All phases of the criminal justice process are very important, but this stage in the prosecution and defense of crimes can have a profound impact on how your case ends. Almost all criminal cases end in a plea bargain and never go to trial. During pretrial hearings your attorney and the prosecutor will talk about the strengths and weaknesses in the case against you. They will also talk about whether you have a previous criminal record, your character, and any reasons that you may have had for committing the crime if you did. Your lawyer may also choose to file certain pretrial motions. The prosecution and the defense may agree to dismiss the case, a certain sentencing, or pleading guilty to a lesser charge. What happens during these discussions with the defense and the prosecutor rely heavily on the facts and circumstances that surround your specific criminal case. If no plea bargain is reached then the case will proceed to trial.
After pleading not guilty then the case proceeds to trial where a jury or judge will decide after examining the testimony, argument, and evidence, whether they believe beyond a reasonable doubt that you have committed the crime. The length of the trial can vary widely depending on the complexity of the case. A typical criminal jury trial begins with the selection of the jury. Each side has a particular number of peremptory challenges to potential jurors. A peremptory challenge is a challenge that can be made for no reason at all. Challenges to jurors for cause are made when a potential juror has some reason why they cannot hear and decide the facts of the case fairly. After the jury has been selected then the prosecutor will put on their presentation of the case including, but not limited to, witness testimony, camera footage, and any other relevant evidence they have. After that the defense will put on their presentation and try to show why the prosecution's case is a weak one. This can happen by cross examining witnesses for the prosecution, examining defense witnesses, and presenting evidence that negates guilt. After all of that, the prosecution and the defense will make closing arguments and the judge or jury will then deliberate as to guilt or innocence.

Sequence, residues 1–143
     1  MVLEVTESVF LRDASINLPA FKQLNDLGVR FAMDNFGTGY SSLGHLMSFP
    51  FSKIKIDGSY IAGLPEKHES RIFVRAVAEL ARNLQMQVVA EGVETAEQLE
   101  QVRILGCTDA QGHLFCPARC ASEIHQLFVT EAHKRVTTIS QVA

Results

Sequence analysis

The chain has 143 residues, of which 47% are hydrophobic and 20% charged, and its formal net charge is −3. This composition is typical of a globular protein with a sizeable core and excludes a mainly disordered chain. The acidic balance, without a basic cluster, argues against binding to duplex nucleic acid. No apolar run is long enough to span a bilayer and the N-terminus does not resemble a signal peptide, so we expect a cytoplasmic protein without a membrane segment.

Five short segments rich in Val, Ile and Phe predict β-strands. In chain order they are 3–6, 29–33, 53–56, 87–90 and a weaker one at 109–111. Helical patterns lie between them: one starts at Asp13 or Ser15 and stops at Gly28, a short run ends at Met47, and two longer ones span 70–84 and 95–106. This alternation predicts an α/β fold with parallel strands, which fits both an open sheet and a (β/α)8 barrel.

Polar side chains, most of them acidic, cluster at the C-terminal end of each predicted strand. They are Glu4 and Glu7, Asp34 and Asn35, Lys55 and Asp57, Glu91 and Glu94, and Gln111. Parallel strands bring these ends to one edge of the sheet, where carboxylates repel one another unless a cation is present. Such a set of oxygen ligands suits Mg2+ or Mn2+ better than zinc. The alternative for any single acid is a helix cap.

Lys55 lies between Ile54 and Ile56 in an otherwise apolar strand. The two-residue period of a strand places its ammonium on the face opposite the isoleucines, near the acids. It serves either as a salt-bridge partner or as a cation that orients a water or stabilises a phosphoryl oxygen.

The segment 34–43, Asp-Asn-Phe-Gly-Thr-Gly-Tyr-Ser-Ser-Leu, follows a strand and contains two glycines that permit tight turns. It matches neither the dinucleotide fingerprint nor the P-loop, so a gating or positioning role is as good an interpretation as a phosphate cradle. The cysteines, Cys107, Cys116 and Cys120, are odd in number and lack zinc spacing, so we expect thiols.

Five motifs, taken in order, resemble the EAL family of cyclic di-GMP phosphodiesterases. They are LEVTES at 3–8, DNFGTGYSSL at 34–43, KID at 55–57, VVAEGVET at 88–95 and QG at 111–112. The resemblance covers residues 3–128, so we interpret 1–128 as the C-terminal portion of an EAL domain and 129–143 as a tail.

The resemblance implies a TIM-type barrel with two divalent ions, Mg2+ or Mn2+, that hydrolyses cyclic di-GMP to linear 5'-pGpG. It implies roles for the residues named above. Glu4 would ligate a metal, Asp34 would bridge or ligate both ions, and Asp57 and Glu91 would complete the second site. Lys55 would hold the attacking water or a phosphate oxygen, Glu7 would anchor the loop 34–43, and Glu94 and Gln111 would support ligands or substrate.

If the judge or jury finds you not guilty then your case comes to an end. If you are found guilty and convicted of the crime charged then the sentencing phase begins. During the sentencing phase the judge will consider your character, whether you feel any remorse, your past criminal history, and all of the circumstances surrounding the case including, but not limited to the severity of the crime committed. In general, judges use pre set guidelines to determine what particular sentences should be.
If you have been found guilty and sentenced for a crime then you are entitled to at least one appeal of the verdict to a higher court. In Texas, the Court of Appeals, the first level of appellate courts will examine the case to see if there have been any procedural mistakes that have been made and this appellate court may overturn the decision of the lower trial court.
This is just a basic outline of the criminal court process in Texas and is not to be construed as legal advice. If you have been charged with a crime then you should set up a consultation with a Houston criminal defense lawyer at the Law Office of Chad Zubi to help you mount a strong defense and avoid missteps in procedure along the way.